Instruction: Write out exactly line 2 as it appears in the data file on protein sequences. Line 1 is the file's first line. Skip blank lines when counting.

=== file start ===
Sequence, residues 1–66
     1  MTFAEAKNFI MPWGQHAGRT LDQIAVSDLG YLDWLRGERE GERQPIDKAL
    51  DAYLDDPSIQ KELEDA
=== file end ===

     1  MTFAEAKNFI MPWGQHAGRT LDQIAVSDLG YLDWLRGERE GERQPIDKAL